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The Politics of Labor in a Global AgeContinuity and Change in Late-Industrializing and Post-Socialist Economies$
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Christopher Candland and Rudra Sil

Print publication date: 2001

Print ISBN-13: 9780199241149

Published to Oxford Scholarship Online: November 2003

DOI: 10.1093/0199241147.001.0001

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Partisan Loyalty and Union Competition: Macroeconomic Adjustment and Industrial Restructuring in Mexico

Partisan Loyalty and Union Competition: Macroeconomic Adjustment and Industrial Restructuring in Mexico

Chapter:
(p.31) 2 Partisan Loyalty and Union Competition: Macroeconomic Adjustment and Industrial Restructuring in Mexico
Source:
The Politics of Labor in a Global Age
Author(s):

M. Victoria Murillo

Publisher:
Oxford University Press
DOI:10.1093/0199241147.003.0002

After the Debt Crisis of 1982, the PRI implemented policies of stabilization and structural reforms although it had previously advanced protectionism and state intervention during the post‐war period. These reforms triggered processes of industrial restructuring in the private and public sector and challenged the very institutions, which had sustained the historic alliance between unions and the PRI in the aftermath of the Mexican Revolution. Although the majority of Mexican unions were subordinated to the governing party, some unions chose to negotiate or oppose the reforms. This chapter analyses the responses of the Mexican Workers’ Confederation (CTM) and industry‐specific unions in the automobile, education, electricity, oil, and telecommunication sectors, to explain the variation in the responses of Mexican unions. It focuses on the common behaviour of union leaders facing similar challenges linked to structural reform and the resulting exposure to international economic forces. It explains union responses by highlighting the influence of the competition among unions for the representation of workers and the competition among leaders for the control of the union as well as the historical legacies of the PRI‐CTM relationship.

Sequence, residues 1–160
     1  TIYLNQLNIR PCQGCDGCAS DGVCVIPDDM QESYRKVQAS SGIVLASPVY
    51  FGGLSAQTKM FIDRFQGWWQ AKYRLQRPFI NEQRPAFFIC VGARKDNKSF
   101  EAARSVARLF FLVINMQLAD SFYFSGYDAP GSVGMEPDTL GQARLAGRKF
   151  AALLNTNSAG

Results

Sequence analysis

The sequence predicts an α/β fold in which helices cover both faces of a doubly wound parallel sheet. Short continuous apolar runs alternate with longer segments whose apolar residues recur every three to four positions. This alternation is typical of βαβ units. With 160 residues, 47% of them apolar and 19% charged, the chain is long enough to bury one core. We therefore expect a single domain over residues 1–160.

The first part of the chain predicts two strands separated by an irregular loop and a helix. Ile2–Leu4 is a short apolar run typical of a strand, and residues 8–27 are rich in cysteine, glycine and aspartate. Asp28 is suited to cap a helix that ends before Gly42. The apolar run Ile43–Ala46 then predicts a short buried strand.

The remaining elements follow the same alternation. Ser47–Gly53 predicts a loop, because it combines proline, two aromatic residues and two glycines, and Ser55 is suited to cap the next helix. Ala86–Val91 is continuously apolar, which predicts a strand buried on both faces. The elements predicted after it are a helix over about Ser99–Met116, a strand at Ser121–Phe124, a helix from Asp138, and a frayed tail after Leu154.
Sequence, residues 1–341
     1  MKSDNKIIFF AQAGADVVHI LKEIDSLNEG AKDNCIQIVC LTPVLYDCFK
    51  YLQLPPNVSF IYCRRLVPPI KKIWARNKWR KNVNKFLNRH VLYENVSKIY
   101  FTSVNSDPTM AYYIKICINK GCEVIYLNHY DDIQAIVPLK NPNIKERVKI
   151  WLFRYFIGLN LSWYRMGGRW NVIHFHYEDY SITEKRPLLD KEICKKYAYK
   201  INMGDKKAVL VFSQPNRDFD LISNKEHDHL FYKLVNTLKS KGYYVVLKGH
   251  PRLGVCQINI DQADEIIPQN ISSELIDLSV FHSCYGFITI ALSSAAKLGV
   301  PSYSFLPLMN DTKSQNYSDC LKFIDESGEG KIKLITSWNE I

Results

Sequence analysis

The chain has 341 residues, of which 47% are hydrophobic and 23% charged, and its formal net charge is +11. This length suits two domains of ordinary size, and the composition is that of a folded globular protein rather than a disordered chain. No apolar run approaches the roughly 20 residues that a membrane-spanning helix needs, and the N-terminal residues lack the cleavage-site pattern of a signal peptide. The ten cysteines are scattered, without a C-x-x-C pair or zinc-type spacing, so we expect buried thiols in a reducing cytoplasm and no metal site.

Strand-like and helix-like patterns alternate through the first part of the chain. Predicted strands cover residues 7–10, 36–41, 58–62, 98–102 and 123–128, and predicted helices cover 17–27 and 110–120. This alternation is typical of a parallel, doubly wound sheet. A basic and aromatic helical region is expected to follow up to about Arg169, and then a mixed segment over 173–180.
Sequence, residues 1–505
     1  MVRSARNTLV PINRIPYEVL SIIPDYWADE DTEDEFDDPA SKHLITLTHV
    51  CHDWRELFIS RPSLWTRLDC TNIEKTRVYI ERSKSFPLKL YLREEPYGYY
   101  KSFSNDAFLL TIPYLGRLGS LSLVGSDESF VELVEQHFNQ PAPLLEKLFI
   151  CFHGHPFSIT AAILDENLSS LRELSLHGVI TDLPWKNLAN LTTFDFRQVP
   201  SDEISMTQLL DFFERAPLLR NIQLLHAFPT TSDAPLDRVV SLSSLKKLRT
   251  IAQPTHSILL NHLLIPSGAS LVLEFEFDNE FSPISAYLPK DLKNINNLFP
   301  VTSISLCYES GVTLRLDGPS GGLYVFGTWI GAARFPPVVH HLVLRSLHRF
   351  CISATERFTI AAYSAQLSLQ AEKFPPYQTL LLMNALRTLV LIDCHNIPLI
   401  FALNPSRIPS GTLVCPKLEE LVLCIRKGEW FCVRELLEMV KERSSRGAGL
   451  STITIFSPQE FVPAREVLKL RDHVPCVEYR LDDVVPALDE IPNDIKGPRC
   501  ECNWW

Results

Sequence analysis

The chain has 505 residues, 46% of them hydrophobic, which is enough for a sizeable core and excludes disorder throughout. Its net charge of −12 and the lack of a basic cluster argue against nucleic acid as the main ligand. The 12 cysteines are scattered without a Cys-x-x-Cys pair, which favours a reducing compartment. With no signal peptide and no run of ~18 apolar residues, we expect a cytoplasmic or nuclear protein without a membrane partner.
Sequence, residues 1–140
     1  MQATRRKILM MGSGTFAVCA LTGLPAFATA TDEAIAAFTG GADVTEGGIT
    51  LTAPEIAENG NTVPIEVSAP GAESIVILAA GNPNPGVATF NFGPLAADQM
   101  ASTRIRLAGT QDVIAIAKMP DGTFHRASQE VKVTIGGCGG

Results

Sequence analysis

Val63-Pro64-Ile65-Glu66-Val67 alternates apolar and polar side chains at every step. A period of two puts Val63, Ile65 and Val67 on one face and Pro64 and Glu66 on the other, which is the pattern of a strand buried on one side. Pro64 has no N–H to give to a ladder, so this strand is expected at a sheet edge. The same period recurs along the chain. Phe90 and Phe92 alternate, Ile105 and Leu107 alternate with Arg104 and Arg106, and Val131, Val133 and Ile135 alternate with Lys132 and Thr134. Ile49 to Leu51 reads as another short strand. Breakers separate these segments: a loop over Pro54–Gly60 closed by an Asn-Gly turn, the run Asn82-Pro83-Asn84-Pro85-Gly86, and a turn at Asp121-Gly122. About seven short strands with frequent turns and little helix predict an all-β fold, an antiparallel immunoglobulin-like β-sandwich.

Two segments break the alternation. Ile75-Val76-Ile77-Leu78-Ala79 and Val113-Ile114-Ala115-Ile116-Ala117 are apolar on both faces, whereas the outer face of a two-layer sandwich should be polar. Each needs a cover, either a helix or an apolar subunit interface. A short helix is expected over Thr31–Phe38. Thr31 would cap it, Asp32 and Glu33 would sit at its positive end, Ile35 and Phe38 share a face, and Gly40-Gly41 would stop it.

Keywords:   debt crisis, Mexican Workers’ Confederation, Mexico, party loyalty, stabilization, structural reform, union competition, union leaders

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